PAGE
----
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Don't forget #5!

Thursday, 13 February, 2020 - 10:27 pm

Too often, children assume they are smarter than their parents, but most of the time, they aren’t. It’s just that we expect our parents to see the world the way we do, and when they don’t, we are frustrated. I can’t count the times I thought my parents were wrong and it turned out it was I who was mistaken. As I grow older, sometimes, just a few weeks older, I realize that my father, with whom I love arguing for sport, is correct. Even when he is wrong, I regret mouthing off at him about our disagreements, because he’s my father and has earned my respect, period.

In this week’s Torah portion, Yitro, we are introduced to the Ten Commandments. While we are expected to follow the entirety of Torah, somehow, we are divided into tablet one Jews and tablet two Jews. Tablet one Jews focus on the G-d oriented Mitzvos found on the first tablet: Belief in G-d, no idols, not saying G-d’s name in vain and observing the Sabbath. Tablet two Jews are focused on the human oriented Mitzvos of not murdering, not coveting, not kidnapping, not bearing false witness and not committing adultery. Yet, too often commandment number five, “Honor your father and your mother, in order that your days be lengthened on the land that the Lord, your God, is giving you” doesn’t get the attention it deserves from either group of Jews.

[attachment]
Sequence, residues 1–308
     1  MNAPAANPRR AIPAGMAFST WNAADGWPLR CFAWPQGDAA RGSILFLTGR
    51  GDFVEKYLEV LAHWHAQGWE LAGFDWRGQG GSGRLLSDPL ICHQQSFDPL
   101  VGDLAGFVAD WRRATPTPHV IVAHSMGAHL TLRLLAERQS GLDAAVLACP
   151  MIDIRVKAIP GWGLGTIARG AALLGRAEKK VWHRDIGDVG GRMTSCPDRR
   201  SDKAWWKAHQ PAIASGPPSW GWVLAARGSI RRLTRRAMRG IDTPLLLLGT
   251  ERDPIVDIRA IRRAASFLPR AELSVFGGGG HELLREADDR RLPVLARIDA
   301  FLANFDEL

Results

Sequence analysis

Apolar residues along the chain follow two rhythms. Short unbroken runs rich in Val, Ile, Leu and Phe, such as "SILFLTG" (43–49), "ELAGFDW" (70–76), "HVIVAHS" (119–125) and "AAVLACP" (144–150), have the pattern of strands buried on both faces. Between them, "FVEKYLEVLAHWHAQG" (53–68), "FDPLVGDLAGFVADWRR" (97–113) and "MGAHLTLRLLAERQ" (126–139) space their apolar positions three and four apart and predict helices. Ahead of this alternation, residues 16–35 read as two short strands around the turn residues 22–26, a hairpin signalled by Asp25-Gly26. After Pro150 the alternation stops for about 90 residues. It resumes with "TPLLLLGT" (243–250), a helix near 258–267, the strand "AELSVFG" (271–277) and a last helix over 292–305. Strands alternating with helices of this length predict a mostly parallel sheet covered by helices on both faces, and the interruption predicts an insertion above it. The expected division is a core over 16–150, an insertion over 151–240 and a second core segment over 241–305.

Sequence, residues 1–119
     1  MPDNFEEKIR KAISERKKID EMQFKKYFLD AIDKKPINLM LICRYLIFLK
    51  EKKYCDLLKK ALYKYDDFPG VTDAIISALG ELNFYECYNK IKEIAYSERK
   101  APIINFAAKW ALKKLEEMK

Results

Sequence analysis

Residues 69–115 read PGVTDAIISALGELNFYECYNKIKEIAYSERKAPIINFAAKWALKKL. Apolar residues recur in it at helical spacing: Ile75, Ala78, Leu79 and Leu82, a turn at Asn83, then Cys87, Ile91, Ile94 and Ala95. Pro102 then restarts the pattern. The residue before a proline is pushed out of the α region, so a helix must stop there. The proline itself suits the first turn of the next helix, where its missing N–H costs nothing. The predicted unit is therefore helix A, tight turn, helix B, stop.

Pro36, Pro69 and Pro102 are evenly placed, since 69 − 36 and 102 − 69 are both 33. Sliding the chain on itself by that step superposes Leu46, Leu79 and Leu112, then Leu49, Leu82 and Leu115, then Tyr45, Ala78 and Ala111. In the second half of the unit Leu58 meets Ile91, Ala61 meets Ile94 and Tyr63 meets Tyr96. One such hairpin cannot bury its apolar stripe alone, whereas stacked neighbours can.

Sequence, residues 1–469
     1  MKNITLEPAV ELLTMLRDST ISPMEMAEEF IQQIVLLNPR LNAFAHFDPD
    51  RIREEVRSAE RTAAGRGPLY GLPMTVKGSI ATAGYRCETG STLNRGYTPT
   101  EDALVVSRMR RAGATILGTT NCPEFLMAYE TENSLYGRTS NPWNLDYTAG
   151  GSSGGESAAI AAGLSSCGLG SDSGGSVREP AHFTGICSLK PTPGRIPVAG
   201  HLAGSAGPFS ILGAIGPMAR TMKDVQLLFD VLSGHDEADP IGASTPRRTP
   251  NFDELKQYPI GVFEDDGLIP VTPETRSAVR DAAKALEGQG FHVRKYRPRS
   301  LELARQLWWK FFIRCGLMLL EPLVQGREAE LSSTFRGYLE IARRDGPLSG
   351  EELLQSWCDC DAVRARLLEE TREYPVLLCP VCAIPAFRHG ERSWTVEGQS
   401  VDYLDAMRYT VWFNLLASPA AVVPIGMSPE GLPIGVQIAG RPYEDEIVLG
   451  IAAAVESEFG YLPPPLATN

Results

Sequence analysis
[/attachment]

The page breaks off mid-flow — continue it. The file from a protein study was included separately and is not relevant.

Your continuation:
The idea is simple.

You don’t need love them, like them or adore them; you need to honor them. It’s easy things like not calling them by their name, not sitting in their designated seat and not speaking back at them. It’s also complex things like traversing life when they don’t behave healthfully to you or your family, when they are mentally/emotionally/spiritually unstable or when they’ve passed away and you still want to honor them. Judaism discusses all the options and approaches, but one option is never an option: disrespecting them. Parents don’t always make it easy, but G-d made rule number five clear: He thinks we owe them honor and He offers immense blessing in return.

In the words of a Chinese Proverb: Respect for ones parents is the highest duty of civil life!

May G-d guard our brethren in Israel and the world over from harm and send us Moshiach speedily. May G-d protect the armed forces of Israel and the United States wherever they may be. Shabbat Shalom! Chazak!!! L'Chaim!!!

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